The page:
Shells of Our City: Dallas High School/Crozier Tech

Former Dallas High School in transition

UPDATE: Find additional details about the current condition of this building at the bottom of this story. The following is the story we first published in 2009.

Despite high volumes of traffic in the area, it goes mostly unnoticed by the average passerby.

Located at 2214 Bryan Street--just across the street from the DART station at Bryan and Pearl--the main building of the old Dallas High School sits vacant, awaiting an unknown fate that has been a hot topic of discussion ever since the school's closure in 1995.  Not only is it the oldest standing high school in Dallas, Dallas High School is one of the oldest and last remaining historic buildings in Dallas.

Built in 1907 with an addition in 1911, the 3.5-story structure we see today was once a classroom and auditorium building that housed many generations of Dallas students. 

"Dallas High School" was only known as such for a few years, as its often referred to by its most notable alter ego, "Crozier Technical High School" (it held that name from 1942-1975).  Other names it went by include Main High School, Bryan Street High School, Dallas Tech High School and lastly, Business and Management Magnet Center.

Among other things, the school had a state-of-the-art machine shop. Students at schools with machine shop capabilities in the 40's were known for producing knives for their troops, and Crozier Tech was among them.  There is said to be at least 1,000 knives produced from Crozier Tech bearing a "Tech High" engraving on the blade.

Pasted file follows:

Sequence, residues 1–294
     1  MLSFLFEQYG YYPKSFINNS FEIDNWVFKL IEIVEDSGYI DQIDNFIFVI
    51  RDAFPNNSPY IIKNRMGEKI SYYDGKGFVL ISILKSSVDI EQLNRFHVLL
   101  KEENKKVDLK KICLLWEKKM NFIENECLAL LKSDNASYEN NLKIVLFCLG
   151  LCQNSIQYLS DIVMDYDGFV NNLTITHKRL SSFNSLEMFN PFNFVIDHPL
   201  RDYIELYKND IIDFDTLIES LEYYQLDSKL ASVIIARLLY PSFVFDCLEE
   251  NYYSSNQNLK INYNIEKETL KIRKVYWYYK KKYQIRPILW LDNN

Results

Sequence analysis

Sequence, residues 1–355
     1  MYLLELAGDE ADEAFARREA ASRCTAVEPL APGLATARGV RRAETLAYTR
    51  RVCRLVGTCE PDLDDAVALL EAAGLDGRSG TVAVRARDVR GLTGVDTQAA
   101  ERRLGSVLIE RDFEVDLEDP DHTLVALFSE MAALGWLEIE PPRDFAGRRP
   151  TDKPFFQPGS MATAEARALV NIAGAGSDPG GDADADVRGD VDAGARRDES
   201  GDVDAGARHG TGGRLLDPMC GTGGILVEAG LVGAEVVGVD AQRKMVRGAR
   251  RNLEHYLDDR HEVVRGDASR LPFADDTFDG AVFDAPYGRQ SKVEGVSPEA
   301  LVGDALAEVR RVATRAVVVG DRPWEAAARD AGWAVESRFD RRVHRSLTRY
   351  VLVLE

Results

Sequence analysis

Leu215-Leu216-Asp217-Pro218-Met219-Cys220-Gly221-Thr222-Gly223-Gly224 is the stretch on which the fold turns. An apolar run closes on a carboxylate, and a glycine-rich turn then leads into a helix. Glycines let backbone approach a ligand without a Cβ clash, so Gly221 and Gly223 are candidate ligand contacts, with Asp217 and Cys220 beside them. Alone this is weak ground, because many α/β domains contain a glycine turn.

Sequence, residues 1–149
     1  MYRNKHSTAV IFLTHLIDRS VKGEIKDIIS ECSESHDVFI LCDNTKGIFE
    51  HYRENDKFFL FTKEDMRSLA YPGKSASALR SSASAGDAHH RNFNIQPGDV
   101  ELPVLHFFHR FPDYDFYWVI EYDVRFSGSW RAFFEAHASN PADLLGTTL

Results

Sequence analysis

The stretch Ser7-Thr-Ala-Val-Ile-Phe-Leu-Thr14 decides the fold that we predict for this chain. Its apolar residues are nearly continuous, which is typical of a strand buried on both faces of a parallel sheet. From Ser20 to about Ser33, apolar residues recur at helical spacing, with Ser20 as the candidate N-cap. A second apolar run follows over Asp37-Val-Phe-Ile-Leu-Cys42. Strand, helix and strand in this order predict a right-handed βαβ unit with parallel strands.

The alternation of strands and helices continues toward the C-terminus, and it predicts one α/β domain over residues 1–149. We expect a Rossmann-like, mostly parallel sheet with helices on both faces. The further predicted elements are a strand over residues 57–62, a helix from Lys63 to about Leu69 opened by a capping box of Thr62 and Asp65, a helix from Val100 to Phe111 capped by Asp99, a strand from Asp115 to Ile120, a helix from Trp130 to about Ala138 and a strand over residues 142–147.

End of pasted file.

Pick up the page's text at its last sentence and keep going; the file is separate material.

During the racial segregation of the 1950s, Crozier Tech also became the designated school for white students removed from the Forest Avenue High School after Forest High was designated for colored students and renamed James Madison High School.

Famous Chicano singer and and guitarist Trini Lopez is among the notable alumni of Crozier Tech after having attended in the 1960s. 

The 5.4-acre lot was once a five-building campus, but the other four have since been demolished -- the building we still see today remains thanks to a Dallas city ordinance.  While the ordinance provides legal protection from the wrecking ball, it was the also the work of historians, preservationists and school alumni that have raised awareness about the one of Dallas' most remarkable historic sites.

Crozier Tech became a city-designated historic landmark in 2000.  Preservation Texas added the old Dallas High School to its Inaugural List of "Texas' Most Endangered Historic Places" in 2004, also making their list of "Most Endangered Resoucres" just last year.  The National Register of Historic Places has also listed the school under the Dallas High School Historic District. 

Also known for its strong and active alumni base, Crozier Tech has many former "Wolves" involved in the fight to preserve their alma mater.  The school has sparked numerous articles in the Dallas Observer's Unfair Park Blog and the Dallas Morning News, in addition to others.

As the fate of the Old Dallas High remains unknown, we shall continue to view it simply as a shell of our city...until the city of Dallas gives us further notice.

Update April 2012: The boarded-up old Dallas High School on Pearl St. may not be a shell for much longer.

The property is in the process of changing hands to Dallas-based developer Wynne/Jackson.

Michael Jackson, vice president of the company, has plenty of reasons to be interested in the site.

"We like the site. My dad's father went to school there, and we drive by it every day. Since my dad built Plaza, he's been driving past it since the '70s and has been trying to figure out what to do with it," Jackson told Unfair Park.

Jackson's father, Clyde Jackson, built the Plaza of the Americas -- right across the street from the high school and the DART station that sits outside.

The developers say their plans include an adaptive reuse of the original building, retail space, and some housing options. All of it is contingent on the deal actually going through and the permit process of building in and around the historical landmark.

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